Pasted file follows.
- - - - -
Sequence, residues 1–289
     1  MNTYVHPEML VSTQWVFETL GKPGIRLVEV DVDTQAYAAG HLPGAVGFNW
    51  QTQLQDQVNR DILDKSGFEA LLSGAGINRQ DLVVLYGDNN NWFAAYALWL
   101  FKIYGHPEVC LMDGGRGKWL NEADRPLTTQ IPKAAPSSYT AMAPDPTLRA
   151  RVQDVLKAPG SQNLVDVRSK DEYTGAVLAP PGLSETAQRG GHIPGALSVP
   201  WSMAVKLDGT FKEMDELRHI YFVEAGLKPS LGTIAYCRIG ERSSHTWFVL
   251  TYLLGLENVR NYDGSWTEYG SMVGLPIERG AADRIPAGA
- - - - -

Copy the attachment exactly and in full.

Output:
Sequence, residues 1–289
     1  MNTYVHPEML VSTQWVFETL GKPGIRLVEV DVDTQAYAAG HLPGAVGFNW
    51  QTQLQDQVNR DILDKSGFEA LLSGAGINRQ DLVVLYGDNN NWFAAYALWL
   101  FKIYGHPEVC LMDGGRGKWL NEADRPLTTQ IPKAAPSSYT AMAPDPTLRA
   151  RVQDVLKAPG SQNLVDVRSK DEYTGAVLAP PGLSETAQRG GHIPGALSVP
   201  WSMAVKLDGT FKEMDELRHI YFVEAGLKPS LGTIAYCRIG ERSSHTWFVL
   251  TYLLGLENVR NYDGSWTEYG SMVGLPIERG AADRIPAGA